Kim Newman is a novelist, critic and broadcaster. His fiction includes The Night Mayor, Bad Dreams, Jago, the Anno Dracula novels and stories, The Quorum, The Original Dr Shade and Other Stories, Life’s Lottery, Back in the USSA (with Eugene Byrne), The Man From the Diogenes Club, Professor Moriarty: The Hound of the d’Urbervilles and An English Ghost Story under his own name and The Vampire Genevieve and Orgy of the Blood Parasites as Jack Yeovil. His non-fiction books include Nightmare Movies, Ghastly Beyond Belief (with Neil Gaiman), Horror: 100 Best Books (with Stephen Jones), Wild West Movies, The BFI Companion to Horror, Millennium Movies and BFI Classics studies of Cat People, Doctor Who and Quatermass and the Pit. He is a contributing editor to Sight & Sound and Empire magazines (writing Empire’s popular Video Dungeon column), has written and broadcast widely, and scripted radio and television documentaries. His stories ‘Week Woman’ and ‘Ubermensch’ have been adapted into an episode of the TV series The Hunger and an Australian short film; he has directed and written a tiny film Missing Girl; he co-wrote the West End play The Hallowe’en Sessions. Following his Radio 4 play ‘Cry Babies’, he wrote episodes for Radio 7’s series The Man in Black (‘Phish Phood’) and Glass Eye Pix’ Tales From Beyond the Pale (‘Sarah Minds the Dog’). He scripted (with Maura McHugh) the comic book miniseries Witchfinder: The Mysteries of Unland (Dark Horse), illustrated by Tyler Crook; it’s a spinoff from Mike Mignola’s Hellboy series. His official web-site is at www.johnnyalucard.com. His forthcoming fiction includes the novels The Secrets of Drearcliff Grange and Angels of Music . He is on Twitter as @AnnoDracula.
Mark Pilkington is the author of the book and documentary film 'Mirage Men' and 'Far Out: 101 Strange Tales from Science's Outer Edge'. He has written for The Guardian, The Wire, Sight and Sound, Electric Sheep, Fortean Times, Frieze and The Quietus amongst others. He founded and runs Strange Attractor Press and regularly speaks on esoteric and fringe culture topics. www.strangeattractor.co.uk / www.miragemen.com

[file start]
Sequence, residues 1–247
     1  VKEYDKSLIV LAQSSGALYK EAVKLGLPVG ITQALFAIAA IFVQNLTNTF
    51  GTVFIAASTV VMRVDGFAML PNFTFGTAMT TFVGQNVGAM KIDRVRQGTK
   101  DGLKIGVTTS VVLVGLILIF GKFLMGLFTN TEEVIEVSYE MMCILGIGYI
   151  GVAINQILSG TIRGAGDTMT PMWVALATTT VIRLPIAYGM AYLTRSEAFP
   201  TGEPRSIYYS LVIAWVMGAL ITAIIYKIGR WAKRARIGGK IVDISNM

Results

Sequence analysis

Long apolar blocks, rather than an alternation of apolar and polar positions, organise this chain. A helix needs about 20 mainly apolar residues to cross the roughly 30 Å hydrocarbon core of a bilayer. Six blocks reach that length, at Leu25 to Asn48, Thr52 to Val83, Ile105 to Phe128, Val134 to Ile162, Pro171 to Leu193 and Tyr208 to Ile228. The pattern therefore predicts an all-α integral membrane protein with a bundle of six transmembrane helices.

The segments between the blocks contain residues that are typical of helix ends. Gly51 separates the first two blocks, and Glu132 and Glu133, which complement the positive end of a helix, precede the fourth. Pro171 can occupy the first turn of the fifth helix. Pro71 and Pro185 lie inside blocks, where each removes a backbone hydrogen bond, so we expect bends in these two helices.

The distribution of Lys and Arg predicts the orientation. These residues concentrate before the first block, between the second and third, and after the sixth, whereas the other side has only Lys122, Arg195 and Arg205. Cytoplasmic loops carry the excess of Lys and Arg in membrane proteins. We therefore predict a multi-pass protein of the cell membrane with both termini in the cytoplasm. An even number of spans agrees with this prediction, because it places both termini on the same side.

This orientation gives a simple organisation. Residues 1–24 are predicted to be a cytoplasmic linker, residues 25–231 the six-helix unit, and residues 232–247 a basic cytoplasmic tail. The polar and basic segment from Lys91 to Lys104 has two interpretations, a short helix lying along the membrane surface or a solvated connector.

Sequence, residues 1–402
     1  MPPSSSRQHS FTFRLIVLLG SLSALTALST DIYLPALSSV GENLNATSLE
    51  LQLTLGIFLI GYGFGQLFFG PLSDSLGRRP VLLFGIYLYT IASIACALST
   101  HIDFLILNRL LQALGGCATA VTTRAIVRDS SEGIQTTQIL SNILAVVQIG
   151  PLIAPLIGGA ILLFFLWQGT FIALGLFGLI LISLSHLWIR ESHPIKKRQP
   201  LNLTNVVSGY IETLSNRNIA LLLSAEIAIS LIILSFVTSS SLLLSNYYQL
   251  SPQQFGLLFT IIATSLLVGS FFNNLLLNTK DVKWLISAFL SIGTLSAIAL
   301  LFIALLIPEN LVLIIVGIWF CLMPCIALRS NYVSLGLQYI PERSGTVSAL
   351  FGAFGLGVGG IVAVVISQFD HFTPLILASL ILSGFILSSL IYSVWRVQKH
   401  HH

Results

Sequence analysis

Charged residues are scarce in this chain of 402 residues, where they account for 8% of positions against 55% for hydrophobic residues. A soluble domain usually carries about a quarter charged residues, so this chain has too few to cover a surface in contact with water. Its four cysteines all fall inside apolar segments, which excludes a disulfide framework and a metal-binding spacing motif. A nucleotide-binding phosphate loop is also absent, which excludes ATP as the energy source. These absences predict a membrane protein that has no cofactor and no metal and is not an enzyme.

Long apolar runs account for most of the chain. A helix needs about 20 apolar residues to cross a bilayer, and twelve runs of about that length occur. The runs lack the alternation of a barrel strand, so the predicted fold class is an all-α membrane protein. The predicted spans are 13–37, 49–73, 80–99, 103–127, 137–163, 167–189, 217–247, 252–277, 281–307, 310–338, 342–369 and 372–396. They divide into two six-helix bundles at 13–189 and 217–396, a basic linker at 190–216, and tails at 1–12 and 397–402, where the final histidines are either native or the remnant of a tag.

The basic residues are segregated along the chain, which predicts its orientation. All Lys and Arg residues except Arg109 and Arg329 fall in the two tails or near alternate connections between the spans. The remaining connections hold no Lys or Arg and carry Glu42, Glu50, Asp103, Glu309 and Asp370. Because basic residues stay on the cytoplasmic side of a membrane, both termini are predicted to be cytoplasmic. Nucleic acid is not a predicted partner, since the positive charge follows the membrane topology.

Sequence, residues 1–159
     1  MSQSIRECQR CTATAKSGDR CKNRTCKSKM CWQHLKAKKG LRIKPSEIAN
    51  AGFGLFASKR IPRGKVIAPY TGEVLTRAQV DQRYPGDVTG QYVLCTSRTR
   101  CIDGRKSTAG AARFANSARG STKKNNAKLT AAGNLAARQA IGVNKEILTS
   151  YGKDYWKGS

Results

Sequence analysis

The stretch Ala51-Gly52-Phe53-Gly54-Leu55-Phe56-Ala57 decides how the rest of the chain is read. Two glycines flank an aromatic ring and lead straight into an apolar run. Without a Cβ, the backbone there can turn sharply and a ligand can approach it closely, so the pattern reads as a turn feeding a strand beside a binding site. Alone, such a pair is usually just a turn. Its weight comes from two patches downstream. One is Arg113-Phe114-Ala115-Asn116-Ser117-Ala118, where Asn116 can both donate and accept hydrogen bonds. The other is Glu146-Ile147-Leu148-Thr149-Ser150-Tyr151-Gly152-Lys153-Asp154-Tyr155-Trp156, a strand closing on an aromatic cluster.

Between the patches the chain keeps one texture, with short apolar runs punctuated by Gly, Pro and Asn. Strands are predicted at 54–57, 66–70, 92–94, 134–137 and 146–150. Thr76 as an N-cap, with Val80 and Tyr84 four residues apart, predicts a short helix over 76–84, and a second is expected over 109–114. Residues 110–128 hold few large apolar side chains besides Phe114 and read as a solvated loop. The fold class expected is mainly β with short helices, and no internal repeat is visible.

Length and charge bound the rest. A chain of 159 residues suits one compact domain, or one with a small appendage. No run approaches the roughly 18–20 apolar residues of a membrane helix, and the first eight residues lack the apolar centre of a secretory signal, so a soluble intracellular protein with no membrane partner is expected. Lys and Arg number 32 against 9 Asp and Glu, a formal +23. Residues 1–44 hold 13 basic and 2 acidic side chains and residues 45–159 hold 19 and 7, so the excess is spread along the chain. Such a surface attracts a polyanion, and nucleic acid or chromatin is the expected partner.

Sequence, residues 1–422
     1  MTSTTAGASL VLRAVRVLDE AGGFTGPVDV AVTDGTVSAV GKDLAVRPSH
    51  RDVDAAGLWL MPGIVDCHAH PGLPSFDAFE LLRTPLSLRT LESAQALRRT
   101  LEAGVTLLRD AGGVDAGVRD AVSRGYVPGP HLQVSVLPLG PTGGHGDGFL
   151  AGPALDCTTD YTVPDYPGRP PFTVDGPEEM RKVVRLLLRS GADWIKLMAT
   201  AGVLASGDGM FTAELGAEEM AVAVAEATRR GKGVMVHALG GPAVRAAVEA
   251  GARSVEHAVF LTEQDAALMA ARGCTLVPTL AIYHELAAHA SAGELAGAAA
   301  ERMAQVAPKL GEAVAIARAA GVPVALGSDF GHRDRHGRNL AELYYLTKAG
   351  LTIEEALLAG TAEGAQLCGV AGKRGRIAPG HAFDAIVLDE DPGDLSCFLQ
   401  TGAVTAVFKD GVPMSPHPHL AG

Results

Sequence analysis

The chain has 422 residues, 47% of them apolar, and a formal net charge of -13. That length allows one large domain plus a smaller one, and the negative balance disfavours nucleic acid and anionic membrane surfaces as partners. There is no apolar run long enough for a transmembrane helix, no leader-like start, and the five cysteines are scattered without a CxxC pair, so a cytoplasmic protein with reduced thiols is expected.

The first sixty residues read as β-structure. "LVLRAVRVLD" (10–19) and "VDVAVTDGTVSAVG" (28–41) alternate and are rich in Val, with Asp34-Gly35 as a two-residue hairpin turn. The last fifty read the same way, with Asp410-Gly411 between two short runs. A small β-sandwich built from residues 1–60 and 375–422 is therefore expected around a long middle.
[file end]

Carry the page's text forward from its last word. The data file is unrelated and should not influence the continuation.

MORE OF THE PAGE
Stephen Thrower, writer and musician, was born in Lancashire in 1963. After moving to London in 1985 he began writing reviews for the seminal horror magazine Shock Xpress, before launching his own film periodical Eyeball in 1989 with contributors including novelist Ramsey Campbell, filmmaker Ron Peck, and critics Kim Newman, Daniel Bird and Alan Jones. His first book, Beyond Terror: The Films of Lucio Fulci, was published in 1999, followed by The Eyeball Compendium (2003) and Nightmare USA: The Untold Story of the Exploitation Independents (2007). His most recent work is Murderous Passions; the delirious cinema of Jesús Franco, published by Strange Attractor in March 2015. Thrower and his partner Ossian Brown are founders of the avant-garde music group Cyclobe, who recently recorded new soundtracks for three Super-8 films by the British filmmaker and queer activist Derek Jarman (Sulphur, Tarot and Garden of Luxor). As a solo artist, Thrower scored Pakistan’s first gore film, Zibahkhana aka Hell's Ground (2007), contributed electronic music to Down Terrace (2010) by Ben Wheatley, and was commissioned by the BFI in 2012 to score three silent short films by the pioneering director of gay erotica Peter De Rome.